Last week’s “Monday Night Football” fireworks shook up the NFL conversation in a way no game had done in years, the high-flying offensive shootout between the Rams and the Chiefs representing one of those moments when you don’t need the benefit of hindsight to recognize a sea change; you can’t help but see it as it is happening.
And maybe it was indeed the night the NFL changed forever, the full and final payout on the offensive favoritism that has driven recent rule changes, the complete and total shift to the air-it-out model of play design and play-calling that has ruled college football for so long there was little chance of the NFL resisting it any longer.
So it was no surprise the Tuesday morning conversation was rapid and hyped, full of speculation whether 50-point explosions are our new norm, wondering whether anyone across the league can stop hot young stars Jared Goff and Patrick Mahomes, now or in the future.
Yet there was one notable exception to the breathless excitement. We’ll give you three guesses who it was, and the first two don’t count.
There was Bill Belichick Tuesday, in a conversation with reporters about explosive plays, when someone asked him if he’d gotten a chance to watch the previous night’s game between two explosive offenses.
“I saw a little bit of it, yeah,” he said.
The obvious follow-up: Any takeaway?
“Yeah, the Jets,” he said. “That’s my takeaway, getting ready for the Jets.”
Way to rain on the NFL’s parade, Coach.
But really, do we expect anything else? Of course the Patriots’ veteran coach is focused only on his Sunday opponent the Jets, willing to talk only about his upcoming division rival game at the Meadowlands, concerned only with the state of his own team over the rest of the league. You don’t command nearly two decades of dominance and win five Super Bowls any other way. While all about them the league goes nuts, Belichick’s Patriots remain the NFL’s steadiest ship, an ocean liner moving inexorably across the horizon while these fancy new boats dart all around, content to speed up or slow down at their own pace, the standard-setter in a game of constant imitation.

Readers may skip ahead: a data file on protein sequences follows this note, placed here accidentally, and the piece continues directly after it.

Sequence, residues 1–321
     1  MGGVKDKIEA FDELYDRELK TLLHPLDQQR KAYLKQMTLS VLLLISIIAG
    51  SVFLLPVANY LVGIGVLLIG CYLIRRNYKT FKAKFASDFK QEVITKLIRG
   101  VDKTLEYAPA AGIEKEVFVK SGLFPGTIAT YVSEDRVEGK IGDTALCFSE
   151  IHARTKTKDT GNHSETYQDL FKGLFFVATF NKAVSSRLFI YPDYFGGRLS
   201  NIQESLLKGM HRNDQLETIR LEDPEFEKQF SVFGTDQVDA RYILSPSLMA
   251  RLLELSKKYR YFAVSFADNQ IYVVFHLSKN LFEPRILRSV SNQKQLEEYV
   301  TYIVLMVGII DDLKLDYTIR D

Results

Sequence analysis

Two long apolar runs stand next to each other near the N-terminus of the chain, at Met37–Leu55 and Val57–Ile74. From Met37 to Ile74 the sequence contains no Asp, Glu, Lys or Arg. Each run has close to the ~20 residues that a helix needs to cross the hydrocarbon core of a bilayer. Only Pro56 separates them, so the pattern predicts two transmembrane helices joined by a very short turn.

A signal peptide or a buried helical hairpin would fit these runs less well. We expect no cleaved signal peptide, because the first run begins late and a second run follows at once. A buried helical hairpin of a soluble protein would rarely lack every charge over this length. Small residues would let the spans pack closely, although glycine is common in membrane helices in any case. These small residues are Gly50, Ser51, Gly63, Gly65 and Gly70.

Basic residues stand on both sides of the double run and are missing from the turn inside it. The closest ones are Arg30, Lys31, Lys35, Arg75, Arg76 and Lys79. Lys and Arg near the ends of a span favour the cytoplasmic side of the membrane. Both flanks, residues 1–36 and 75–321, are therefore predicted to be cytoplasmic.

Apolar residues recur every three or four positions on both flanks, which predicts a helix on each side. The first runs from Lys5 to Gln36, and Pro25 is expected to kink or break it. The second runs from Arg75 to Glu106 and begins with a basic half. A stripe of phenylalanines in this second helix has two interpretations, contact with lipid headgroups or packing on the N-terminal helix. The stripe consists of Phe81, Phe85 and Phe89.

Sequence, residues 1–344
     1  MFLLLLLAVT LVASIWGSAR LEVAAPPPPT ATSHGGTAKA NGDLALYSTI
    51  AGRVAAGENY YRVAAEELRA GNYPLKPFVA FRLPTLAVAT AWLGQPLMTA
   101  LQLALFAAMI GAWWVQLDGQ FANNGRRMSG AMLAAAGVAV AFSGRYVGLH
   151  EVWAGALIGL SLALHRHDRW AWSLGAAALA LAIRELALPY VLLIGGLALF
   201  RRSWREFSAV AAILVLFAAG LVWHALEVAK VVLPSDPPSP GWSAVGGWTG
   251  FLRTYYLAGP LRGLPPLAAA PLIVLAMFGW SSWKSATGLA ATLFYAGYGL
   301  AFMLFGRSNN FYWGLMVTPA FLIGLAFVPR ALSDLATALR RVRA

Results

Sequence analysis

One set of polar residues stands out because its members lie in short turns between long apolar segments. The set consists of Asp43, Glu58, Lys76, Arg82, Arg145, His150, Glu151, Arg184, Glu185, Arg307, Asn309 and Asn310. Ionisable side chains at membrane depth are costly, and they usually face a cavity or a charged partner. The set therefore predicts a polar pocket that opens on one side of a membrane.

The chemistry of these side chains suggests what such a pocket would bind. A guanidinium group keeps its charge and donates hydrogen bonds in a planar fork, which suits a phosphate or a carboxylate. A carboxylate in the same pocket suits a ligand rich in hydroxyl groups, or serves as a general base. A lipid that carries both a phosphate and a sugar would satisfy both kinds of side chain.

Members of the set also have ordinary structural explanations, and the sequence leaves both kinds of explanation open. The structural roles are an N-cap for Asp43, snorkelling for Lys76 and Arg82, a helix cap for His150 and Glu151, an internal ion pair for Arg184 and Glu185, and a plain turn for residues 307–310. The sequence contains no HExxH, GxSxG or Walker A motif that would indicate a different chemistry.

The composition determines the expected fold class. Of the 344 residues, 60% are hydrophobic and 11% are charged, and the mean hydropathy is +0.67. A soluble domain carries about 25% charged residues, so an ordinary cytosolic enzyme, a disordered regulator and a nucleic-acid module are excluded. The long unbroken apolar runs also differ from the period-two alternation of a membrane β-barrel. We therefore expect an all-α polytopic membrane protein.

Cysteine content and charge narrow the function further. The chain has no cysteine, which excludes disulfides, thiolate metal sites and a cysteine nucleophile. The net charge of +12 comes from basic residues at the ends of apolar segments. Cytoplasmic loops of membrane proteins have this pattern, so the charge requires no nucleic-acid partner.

And I’ll be honest — that’s precisely what I find so fascinating about them now. What will they do across the regular season’s final six games? Will they have an answer for the touchdown barrage we’re seeing from the likes of the Rams, Chiefs, and Saints? Or will they bend other teams to their will yet again? They’ve been here before. Remember, this is a franchise that kicked off a dynastic run by grounding the “Greatest Show on Turf,” the victory over Kurt Warner’s Rams back in the 2001 season the first real indication of how much preparation and game-planning can make predictions look foolish. Wouldn’t it be something if they bookended that historic win by bucking the NFL trend yet again, making another run to the Super Bowl at the expense of those shiny new toys?
It won’t be easy. Quarterback Tom Brady hasn’t been nearly as prolific since outdueling Mahomes in a Week 6 Sunday night shootout, but that doesn’t mean he isn’t capable of reaching those heights again. Who can forget last season’s Super Bowl, when Brady broke the passing record he’d set only a year before, a 505-yard outburst in a losing effort representing just one of seven passing records Brady set or tied, when the Patriots and Eagles combined to set the Super Bowl record for most combined total yards (1,151) and most combined passing yards (874).
That’s what that game dictated. Come Sunday against the hapless Jets, it’s not likely Josh McCown would be ready to ignite such a high-scoring game. So while the rest of the league continues to put up points (the Saints scored another 31 in a Thanksgiving night win over Atlanta) the Patriots aren’t concerned about matching pyrotechnics. They just want a win, could use one on the road (their three losses this season have come at Jacksonville, Detroit, and most recently Nashville), and will take one in any way it comes. Leave the wheel reinvention and surprise attacks to others.
“I don’t think we want to come in here and run the wishbone because they haven’t seen it before. We do what we do,” Belichick said this past week. “They do what they do. You dress it up a little bit, but in the end I don’t think this game is the type of game that it’s going to come down to a big, huge deception at the end of the game. One team’s [not] going to be sitting there saying, ‘Wow, I’ve never really seen them do that before. That was totally off the wall.’ I don’t think it’s going to be that kind of game. It usually isn’t in the division. Is there a wrinkle or two in there? Yeah, but you get that every week.”
Only six weeks to go in this regular season, six games for the Patriots to ease their path to the playoffs if they can secure the AFC’s top seed, six Sundays to see if they will try to keep up with the football Joneses, or whether they find a way to make the rest of the league keep up with them. Color me fascinated.